Ten years ago Struth accepted a commission to decorate the walls of a hospital in Winterthur, Switzerland. Over the next two years, the artist photographed the surrounding rural landscape and flowers in the hospital's lush gardens. In each of the patients' rooms, he placed a small flower study and a large landscape at the head and foot of each bed, respectively. Through conceiving and creating photographs specifically for a site of recovery and rehabilitation, Struth made explicit the conceptual framework underlying all his work: the therapeutic belief that images can facilitate the viewer's active reconfiguration of the relationship between one's own irreducible being and the givens of circumstance.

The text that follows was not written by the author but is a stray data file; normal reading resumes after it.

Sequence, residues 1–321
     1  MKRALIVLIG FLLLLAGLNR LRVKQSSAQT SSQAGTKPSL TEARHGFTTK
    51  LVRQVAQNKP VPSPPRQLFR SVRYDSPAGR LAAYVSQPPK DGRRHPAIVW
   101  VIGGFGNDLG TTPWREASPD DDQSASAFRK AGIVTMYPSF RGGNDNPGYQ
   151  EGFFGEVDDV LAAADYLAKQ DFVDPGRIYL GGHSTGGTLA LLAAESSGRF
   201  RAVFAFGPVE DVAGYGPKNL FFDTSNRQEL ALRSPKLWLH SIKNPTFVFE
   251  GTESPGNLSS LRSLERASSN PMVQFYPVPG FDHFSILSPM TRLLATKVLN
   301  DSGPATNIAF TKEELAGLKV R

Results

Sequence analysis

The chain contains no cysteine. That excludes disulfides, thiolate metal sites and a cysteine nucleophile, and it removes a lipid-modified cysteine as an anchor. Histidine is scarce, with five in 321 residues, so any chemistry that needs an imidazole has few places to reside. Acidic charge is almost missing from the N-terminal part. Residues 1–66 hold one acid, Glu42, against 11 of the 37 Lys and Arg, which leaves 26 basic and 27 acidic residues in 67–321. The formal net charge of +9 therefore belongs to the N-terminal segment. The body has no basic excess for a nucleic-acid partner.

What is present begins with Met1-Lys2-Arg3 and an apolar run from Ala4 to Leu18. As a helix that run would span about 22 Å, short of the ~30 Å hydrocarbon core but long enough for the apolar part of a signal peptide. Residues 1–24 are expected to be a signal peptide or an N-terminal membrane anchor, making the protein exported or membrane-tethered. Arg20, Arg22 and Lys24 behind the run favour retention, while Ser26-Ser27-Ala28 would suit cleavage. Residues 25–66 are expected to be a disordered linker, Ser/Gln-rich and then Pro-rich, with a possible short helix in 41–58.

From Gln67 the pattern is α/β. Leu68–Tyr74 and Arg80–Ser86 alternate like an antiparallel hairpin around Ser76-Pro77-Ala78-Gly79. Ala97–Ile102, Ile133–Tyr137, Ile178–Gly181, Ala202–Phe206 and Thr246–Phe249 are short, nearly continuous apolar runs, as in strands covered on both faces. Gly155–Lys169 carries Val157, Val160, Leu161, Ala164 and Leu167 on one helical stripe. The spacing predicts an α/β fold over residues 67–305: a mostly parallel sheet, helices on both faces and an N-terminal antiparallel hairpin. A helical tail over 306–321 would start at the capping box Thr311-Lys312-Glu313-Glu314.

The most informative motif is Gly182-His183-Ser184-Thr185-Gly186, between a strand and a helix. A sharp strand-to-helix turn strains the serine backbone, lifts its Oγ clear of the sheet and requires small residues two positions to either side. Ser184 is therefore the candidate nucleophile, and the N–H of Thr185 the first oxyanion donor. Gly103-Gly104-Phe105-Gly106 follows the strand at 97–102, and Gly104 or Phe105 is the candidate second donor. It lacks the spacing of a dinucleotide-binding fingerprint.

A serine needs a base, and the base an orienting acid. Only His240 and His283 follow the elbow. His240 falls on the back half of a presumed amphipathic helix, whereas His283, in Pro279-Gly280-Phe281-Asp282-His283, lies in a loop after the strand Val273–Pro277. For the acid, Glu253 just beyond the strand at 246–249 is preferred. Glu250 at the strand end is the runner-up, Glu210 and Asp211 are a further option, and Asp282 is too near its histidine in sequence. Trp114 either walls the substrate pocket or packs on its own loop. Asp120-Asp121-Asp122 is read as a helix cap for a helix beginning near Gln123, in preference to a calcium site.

Inscription: Signed in ink on printed label affixed to frame verso
the artist; [Marian Goodman Gallery, New York]
The Metropolitan Museum of Art. "Thomas Struth," February 4, 2003–May 18, 2003.
Struth, Thomas. Thomas Struth: Dandelion Room. Munich: Schirmer-Mosel, 2001.
Orenstein, Nadine M., Jeff L. Rosenheim, and Stephen C. Pinson. The Metropolitan Museum of Art Bulletin: A Centennial Album: Drawings, Prints, and Photographs 74, no. 3 (Winter 2017). p. 40.